When dropping the ball was actually a good thing

||When dropping the ball was actually a good thing

When dropping the ball was actually a good thing

Creating certainty in an uncertain world

At the highest point on top of the Royal Time BallObservatory in Greenwich, London there is a ball. This ball provided the mariners of old with a vital piece of information that would ensure a successful voyage – accurate time.

The ball’s purpose was guided by science and the latest, greatest thinking, to create something that everyone could easily understand. The translation of science into something really simple and highly effective.

At 1pm every day the ball would be dropped so that mariners could set their time by it. Before setting sail from London, this was a ritual that they chose to ignore at their peril.

It was a constant for them that provided certainty; certainty of time that could be used to accurately measure location and that in turn was often the difference between life and death.

What’s your ball?

These days the phrase “dropping the ball” has more onerous connotations. It is synonymous with things going wrong. So let’s think of this ball as the levels of certainty that are present in your company.

Why certainty matters.

Certainty is the degree of belief that something is true. It matters in business on a number of levels, particularly when it comes to making decisions. Which project should you sign off? Which person should get the job/promotion? Which innovative idea is worth funding? From a consumers’ perspective, will I buy from you? Will I recommend you?

From a leadership perspective, in increasingly uncertain times, what certainty do you offer your employees? And how do you show it?

Here’s an example;

Your manager is leading a tele-conference call with you and the team. She is running a bit late and the call, which was due to start at 10.00am, finally starts at 10.08am. How many reasons can you find to explain why your boss was late on to the call? In that 8 minutes your manager has inadvertently created uncertainty in the minds of every one of the team – I know that she didn’t mean to, but in the absence of information the brain starts to fill in the gaps.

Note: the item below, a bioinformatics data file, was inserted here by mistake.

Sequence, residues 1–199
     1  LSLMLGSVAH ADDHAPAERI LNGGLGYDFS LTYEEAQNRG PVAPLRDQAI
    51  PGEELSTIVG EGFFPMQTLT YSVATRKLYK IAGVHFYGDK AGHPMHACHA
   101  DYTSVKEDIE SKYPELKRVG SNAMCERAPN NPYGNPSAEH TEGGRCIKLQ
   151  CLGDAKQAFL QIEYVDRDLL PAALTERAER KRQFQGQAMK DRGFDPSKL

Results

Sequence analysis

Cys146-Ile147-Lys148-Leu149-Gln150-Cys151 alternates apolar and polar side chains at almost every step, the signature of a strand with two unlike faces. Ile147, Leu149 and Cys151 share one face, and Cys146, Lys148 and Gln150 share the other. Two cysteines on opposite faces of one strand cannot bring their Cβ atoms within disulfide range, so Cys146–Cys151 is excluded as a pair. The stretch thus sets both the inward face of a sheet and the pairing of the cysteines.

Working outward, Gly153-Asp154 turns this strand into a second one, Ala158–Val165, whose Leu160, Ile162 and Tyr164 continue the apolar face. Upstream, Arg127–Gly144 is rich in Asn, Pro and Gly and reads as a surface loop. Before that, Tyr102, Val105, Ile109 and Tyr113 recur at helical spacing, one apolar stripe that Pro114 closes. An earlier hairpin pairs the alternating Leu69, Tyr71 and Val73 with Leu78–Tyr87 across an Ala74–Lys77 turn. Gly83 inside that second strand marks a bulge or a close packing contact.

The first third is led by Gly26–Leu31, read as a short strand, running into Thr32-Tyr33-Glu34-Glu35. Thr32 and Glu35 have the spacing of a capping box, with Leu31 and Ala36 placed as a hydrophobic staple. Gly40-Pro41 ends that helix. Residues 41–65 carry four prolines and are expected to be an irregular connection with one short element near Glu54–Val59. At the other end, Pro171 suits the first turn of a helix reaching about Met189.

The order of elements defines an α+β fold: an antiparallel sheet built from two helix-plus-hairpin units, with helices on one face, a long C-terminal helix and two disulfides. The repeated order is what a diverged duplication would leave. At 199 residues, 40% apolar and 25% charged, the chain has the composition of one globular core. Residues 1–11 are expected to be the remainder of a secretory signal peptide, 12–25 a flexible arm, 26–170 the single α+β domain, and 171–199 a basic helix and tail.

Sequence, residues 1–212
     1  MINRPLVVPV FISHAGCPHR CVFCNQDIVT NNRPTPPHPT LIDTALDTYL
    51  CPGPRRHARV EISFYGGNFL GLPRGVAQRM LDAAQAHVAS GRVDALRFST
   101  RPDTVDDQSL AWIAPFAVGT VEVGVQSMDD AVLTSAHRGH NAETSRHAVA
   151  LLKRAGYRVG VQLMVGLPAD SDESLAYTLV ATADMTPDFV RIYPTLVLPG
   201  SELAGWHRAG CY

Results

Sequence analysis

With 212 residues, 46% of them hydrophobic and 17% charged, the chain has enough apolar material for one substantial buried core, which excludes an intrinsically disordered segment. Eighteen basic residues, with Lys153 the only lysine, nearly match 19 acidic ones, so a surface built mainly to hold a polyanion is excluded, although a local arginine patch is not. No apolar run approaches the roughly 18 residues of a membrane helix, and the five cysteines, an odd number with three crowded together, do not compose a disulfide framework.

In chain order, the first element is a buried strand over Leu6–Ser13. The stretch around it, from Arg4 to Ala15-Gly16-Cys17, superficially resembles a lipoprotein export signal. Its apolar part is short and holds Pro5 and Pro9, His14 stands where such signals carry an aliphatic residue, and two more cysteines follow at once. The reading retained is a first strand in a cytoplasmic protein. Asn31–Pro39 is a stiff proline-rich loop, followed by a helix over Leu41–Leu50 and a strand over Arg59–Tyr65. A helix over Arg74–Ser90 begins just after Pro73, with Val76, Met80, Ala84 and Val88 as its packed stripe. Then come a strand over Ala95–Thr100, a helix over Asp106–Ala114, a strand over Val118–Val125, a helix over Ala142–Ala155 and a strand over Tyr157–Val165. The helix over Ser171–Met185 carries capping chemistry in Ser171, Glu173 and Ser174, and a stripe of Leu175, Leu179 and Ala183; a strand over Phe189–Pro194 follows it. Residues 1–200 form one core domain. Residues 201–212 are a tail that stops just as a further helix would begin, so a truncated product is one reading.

The problem is that 8 minutes of gap-filling, compounded by the collective concerned minds of the whole team – our brains are really good at filling gaps with worse case scenarios – mean that you have a lot of uncertainty right at the very start of the call.

The science behind this is fascinating. The brain perceives uncertainty as a threat, which sparks the release of cortisol, a stress hormone that disrupts memory, depresses the immune system, and increases the risk of high blood pressure and depression… not good. As Travis Bradberry, co-author of Emotional Intelligence 2.0 states;

“We crave certainty. Our brains are so geared up for certainty that our subconscious can monitor and store over two million data points, which the brain uses to predict the future. And that isn’t just a neat little side trick—it’s the primary purpose of the neocortex, which is 76% of the brain’s total mass.”

For leaders, the simple version is to deliver certainty by creating safety.

Watch out for these

A lack of certainty often leads to a lack of safety. How certain are you that these things do not happen in your company:

  1. People often quote rules and regulations as reasons for their actions, because they may get in trouble if they don’t follow them.
  2. People expend time and energy on activities that protect themselves instead of spending time and energy on combining their talents.
  3. People rarely share ideas and opinions about ways to improve.
  4. People believe that their leaders are more likely to sacrifice their staff to protect their own interests.
  5. People believe that leadership is a rank, not a choice.

When the reverse of these is true, people feel safe. When people feel safe they are more open to trust and co-operation. Imagine your company where people trust each other and freely co-operate “because they would have done it for me”.

As the saying goes, “Time, and tide, waits for no man”. Don’t wait to make the changes you need to make that will deliver more certainty for your employees and your customers.

About the Author:

Paul is a Principal Consultant and business coach for OnTrack. During his 20 year learning & development career he has enhanced the capabilities of sales managers and directors, engineers, risk and audit specialists, actuaries, accountants, project and programme managers, health and safety managers, lawyers, business owners and training teams. He has delivered events at all levels from shop floor to C-Suite. His is a qualified Neuro-linguistic (NLP) Practitioner, MBTI, TMSDI and Situational Leadership practitioner.